Well, I fell off the wagon longer than I’d intended for a number of reasons, but I owe you a soup recipe for April, so let’s get on that. It would feel disingenuous, I think, to careen through a year of soups without at least gesturing toward the perennial classic that is chicken noodle. Darling of head-colds everywhere, this is the feel good, childhood callback, gentle-on-the-tummy go-to. Every commercial soup company has a version. Usually it’s chunks of chicken, often cooked in the broth itself, along with a mélange of vegetables, and a heap of noodles of some sort, usually high on the egg content.
The problem is, though, and this is an issue with soups in general, that when I think of chicken noodle soup, all I can think of is softness. The vegetables, cooked to within an inch of their lives, are soft. The chicken chunks are tender (unless they’ve been cooking in the broth too long and have toughened while giving over their flavor to the liquid they are drowning in), but the noodles have lost any indication of al dente, sinking into near-mush while they wait for you to drag yourself out of bed and dip up a bowlful. And probably because this soup has become synonymous with “get well soon” food, it is made to be gentle on the belly, and thus its flavors are also soft: it is entirely unobjectionable. While that doesn’t sound like a tremendous issue when discussing food – who would want a bowl of soup to be objectionable? – to me, that’s just a polite way of saying that it’s boring.
My version of chicken noodle soup needed to break, therefore, from the softness that so often pervades both its ingredients and its flavors. When I want a soup with a deep, flavorful broth and perfectly cooked, just chewy noodles, I find I want ramen. This is perhaps a function of living in Los Angeles, where ramen shops are fairly ubiquitous (seriously, between pho and ramen, you could probably live for more than a week in my neighborhood consuming only Asian noodle soups, and you wouldn’t have to eat at the same place twice. And that doesn’t even take Thai restaurants into account).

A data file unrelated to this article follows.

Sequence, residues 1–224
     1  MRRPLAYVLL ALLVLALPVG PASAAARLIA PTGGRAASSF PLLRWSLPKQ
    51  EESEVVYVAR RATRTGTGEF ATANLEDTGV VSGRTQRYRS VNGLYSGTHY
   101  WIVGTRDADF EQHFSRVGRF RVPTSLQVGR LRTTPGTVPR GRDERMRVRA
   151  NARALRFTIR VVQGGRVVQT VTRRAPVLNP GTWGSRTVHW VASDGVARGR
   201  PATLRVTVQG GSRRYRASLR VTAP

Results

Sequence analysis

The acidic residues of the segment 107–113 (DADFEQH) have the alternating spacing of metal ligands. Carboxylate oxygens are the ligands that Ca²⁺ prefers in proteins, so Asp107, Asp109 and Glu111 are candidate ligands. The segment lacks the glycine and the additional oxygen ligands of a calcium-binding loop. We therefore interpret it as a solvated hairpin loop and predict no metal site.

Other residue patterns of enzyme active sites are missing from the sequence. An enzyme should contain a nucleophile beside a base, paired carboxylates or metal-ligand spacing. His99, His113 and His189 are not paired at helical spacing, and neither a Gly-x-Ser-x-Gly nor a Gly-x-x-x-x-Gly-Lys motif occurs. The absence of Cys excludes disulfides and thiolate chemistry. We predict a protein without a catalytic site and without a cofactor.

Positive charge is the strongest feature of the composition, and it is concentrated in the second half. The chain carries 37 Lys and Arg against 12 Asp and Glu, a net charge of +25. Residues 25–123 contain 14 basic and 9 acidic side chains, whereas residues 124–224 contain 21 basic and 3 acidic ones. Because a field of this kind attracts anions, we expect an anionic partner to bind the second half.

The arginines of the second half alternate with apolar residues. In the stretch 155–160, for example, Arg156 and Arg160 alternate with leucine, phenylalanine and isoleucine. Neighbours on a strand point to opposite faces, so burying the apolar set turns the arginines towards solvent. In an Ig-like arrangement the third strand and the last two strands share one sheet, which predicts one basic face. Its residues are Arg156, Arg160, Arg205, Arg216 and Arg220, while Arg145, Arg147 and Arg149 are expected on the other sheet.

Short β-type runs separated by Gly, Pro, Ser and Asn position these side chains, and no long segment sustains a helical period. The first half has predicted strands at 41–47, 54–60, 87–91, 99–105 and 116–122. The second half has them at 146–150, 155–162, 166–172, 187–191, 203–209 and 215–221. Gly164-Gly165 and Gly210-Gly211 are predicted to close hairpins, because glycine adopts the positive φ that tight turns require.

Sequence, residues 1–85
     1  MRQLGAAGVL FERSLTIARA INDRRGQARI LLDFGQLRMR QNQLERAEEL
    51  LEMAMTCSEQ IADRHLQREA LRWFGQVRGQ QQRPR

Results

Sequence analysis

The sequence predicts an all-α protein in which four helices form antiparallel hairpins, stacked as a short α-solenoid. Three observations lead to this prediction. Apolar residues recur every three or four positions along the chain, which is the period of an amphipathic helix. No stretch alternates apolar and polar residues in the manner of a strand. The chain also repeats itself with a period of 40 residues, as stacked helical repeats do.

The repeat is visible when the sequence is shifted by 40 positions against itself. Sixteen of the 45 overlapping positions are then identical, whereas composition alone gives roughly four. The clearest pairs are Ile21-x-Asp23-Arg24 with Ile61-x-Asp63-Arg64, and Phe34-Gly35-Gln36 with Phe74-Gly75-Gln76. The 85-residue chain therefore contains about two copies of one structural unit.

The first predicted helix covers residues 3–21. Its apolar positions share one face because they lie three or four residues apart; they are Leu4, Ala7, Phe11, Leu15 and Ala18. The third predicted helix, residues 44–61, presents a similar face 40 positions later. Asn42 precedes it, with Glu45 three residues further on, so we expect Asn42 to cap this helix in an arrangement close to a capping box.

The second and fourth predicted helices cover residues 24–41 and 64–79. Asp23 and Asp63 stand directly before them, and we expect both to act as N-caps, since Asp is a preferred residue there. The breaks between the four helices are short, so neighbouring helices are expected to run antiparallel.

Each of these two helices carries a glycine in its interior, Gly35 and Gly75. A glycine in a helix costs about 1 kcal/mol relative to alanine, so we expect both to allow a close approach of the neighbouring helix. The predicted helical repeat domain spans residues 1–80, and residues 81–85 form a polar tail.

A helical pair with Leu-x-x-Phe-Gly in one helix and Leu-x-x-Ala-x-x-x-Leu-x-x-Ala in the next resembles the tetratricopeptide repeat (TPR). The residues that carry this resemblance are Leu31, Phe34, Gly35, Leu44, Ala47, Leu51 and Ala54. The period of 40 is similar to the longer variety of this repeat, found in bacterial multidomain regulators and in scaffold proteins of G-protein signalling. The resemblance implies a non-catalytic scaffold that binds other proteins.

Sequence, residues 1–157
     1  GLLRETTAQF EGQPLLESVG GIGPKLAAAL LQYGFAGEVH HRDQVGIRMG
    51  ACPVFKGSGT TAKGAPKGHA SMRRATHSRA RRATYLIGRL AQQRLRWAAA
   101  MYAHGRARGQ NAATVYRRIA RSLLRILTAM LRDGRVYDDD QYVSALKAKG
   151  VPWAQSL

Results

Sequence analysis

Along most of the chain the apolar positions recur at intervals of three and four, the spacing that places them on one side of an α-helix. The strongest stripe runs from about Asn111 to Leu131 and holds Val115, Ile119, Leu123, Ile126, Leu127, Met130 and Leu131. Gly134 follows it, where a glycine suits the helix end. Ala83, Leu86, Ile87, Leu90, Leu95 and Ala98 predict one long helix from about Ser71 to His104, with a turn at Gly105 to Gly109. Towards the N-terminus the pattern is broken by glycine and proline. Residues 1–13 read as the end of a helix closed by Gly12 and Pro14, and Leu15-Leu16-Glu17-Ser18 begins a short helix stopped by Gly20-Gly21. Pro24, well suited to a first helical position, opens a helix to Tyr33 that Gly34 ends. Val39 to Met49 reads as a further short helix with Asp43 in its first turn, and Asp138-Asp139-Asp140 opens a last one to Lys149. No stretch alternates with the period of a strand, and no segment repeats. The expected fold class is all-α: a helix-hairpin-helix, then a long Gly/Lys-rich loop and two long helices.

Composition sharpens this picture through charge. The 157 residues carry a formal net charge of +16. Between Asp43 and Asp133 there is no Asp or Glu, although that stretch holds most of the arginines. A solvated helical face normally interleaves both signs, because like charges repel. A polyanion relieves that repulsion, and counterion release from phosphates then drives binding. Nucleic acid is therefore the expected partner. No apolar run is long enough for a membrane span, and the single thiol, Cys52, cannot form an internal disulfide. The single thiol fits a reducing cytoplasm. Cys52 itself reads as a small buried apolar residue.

A bowl of ramen is a treasure chest. In a way, it’s the soup version of my favorite sort of salad: full of stuff. Once you dig through the perfectly chewy noodles, there are hunks of meat, there are so-thin-they-are-almost-transparent slices of chili, there are vegetables or mushrooms or scatterings of herbs or sesame seeds, there are still fresh and crunchy green onions, and of course, quivering like unguarded crown jewels, there’s the soft boiled egg. Sometimes the broth is pork based, sometimes it is miso based, sometimes it is fish or seafood based. I saw no reason, with its deep flavors and its pile of noodles, why it couldn’t be chicken broth and form the basis for my own twist on chicken noodle.
I had a lot of ideas about what I wanted to put into my chicken (ramen) noodle soup, but because I was curious, I asked the internet, and Laura’s recipe looked so perfect that I ended up following it almost exactly. I have adapted a few things – adding baby bok choy and changing up the broth approach a bit – but the approach is essentially the same, and her recipe for soft-boiled egg – the first one (and then the second one) I’ve ever made – worked perfectly for me. We did find we wanted the shiitake mushrooms in smaller pieces; the whole caps looked gorgeous floating in there like rafts, but were a bit ungainly to eat. You can do with or without the jalapeño or fresno chili slices; think of them as sinus-clearing options.
Here, we are starting with a premade chicken broth and enriching it, enhancing the flavors even more with more vegetables, and the aromatic warmth of ginger and garlic. Your chicken broth might already be pretty tasty, but trust me on this: deeply flavored broth is important for a good bowl of ramen. When you serve this up, it’s a play of textures, and really, you get to be the boss. If you are nuts about broth, make it brothier. If you are noodle-crazy (like me), use less broth and pile in the chewy noodles. The chicken will still be juicy after a crisp in a skillet and then a quick roast in the oven, but it will still absorb some of the broth from the soup and lap up some of those flavors. As for the egg, well, if you need me to extol to you the virtues of a just-runny yolk stirred into noodles and vegetables, then you’ll need to come over and sit down for a while, because there’s too much to say for this one little post.